X-rated on the rocks

  • From "The Serpent and the Sacred Fire: Fertility Images in Southwest Rock Art," Dennis Slifer
  • From "The Serpent and the Sacred Fire: Fertility Images in Southwest Rock Art," Dennis Slifer
  • From "The Serpent and the Sacred Fire: Fertility Images in Southwest Rock Art," Dennis Slifer
 


    "I am glad I have seen your
    nakedness;
    it is beautiful;
    it will rain from now on."
      -- Talashimtiwa

Hopi Indian from Oraibi, 1920
from The Serpent and the Sacred Fire: Fertility Images in Southwest Rock Art


The record on rock left by the Southwest's early people is mostly mystifying. What do those galaxy-like clusters really represent? What are those handprints saying? Some experts have come up with explanations for every pecked petroglyph or painted pictograph, yet lingering doubts persist: Can we be certain they mean what we think they mean?


But when the lines on the walls of a cave or boulder show us a woman giving birth or a couple having intercourse, well, translation seems a lot easier. In his book The Serpent and the Sacred Fire: Fertility Images in Southwest Rock Art, Dennis Slifer focuses on sexual images that don't take guesswork; they had to have been created to celebrate fecundity, abundance and the fact of life itself.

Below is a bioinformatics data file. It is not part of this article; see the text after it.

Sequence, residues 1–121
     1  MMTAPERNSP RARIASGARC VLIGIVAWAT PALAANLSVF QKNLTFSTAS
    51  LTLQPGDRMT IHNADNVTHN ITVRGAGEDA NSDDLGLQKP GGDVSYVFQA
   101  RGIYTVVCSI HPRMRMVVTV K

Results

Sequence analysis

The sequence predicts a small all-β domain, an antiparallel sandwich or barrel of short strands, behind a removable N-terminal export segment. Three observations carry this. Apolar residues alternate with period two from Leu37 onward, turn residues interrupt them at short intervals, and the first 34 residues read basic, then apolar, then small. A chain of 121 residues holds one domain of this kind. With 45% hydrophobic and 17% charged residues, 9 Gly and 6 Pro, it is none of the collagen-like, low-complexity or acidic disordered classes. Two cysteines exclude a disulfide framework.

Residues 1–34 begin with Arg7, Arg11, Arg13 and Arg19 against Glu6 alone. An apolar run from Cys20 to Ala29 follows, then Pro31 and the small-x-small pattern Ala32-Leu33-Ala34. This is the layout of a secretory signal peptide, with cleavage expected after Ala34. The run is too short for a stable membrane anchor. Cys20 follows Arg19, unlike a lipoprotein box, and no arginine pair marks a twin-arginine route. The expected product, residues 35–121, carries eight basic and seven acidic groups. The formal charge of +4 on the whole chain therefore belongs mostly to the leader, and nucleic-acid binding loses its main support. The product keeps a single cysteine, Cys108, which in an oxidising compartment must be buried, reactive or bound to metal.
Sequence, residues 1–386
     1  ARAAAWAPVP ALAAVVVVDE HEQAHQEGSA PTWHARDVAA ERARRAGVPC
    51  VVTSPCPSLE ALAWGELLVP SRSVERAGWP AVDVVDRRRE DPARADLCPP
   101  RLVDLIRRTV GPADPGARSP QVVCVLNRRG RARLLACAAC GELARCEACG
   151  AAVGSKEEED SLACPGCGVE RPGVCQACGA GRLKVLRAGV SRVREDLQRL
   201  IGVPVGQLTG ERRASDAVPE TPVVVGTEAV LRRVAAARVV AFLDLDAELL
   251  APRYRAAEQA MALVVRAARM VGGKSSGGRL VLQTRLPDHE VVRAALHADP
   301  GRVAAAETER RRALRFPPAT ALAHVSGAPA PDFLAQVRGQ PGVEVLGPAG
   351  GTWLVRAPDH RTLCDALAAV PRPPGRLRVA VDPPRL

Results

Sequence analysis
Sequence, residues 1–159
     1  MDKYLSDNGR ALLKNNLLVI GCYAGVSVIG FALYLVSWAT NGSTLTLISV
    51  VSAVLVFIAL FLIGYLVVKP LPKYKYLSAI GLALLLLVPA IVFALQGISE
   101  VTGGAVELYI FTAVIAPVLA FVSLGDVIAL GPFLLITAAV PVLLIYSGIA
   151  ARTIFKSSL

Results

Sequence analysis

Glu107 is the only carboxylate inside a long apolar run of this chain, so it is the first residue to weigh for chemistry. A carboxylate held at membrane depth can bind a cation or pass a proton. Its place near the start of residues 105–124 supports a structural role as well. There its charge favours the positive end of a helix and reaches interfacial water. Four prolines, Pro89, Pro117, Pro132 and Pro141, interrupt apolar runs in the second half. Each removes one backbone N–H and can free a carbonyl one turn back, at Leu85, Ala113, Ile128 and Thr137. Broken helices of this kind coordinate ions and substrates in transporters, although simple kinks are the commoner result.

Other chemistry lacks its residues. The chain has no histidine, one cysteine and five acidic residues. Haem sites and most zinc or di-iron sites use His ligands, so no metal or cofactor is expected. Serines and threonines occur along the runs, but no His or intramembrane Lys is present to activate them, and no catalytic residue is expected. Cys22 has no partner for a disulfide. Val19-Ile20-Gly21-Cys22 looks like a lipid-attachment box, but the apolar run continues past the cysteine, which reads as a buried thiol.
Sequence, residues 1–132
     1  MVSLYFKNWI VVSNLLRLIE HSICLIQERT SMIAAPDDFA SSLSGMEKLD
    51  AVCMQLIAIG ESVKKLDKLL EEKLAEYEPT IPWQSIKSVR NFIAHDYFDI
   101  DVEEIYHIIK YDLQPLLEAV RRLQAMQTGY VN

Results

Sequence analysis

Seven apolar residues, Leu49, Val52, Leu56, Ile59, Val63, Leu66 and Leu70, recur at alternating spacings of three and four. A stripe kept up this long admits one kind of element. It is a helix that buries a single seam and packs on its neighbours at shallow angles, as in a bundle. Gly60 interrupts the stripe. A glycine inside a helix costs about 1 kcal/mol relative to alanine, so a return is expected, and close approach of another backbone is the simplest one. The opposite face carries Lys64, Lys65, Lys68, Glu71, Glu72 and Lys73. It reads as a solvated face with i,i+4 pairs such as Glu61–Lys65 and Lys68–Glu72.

Slifer says past anthropologists have been loath to study "some of the more prurient (to their Victorian sensibilities) images." Even the wildly popular hunch-backed flute player, Kokopelli, "is usually sanitized and censored as if it were petro-porn," he says. Published by the Museum of New Mexico Press, this book lets it all hang out, in 16 color plates and 150 amazing line illustrations.


The Serpent and the Sacred Fire: Fertility Images in Southwest Rock Art, paper, $16.95, 156 pages, Museum of New Mexico Press, P.O. Box 2087, Santa Fe, NM 87504-2087.


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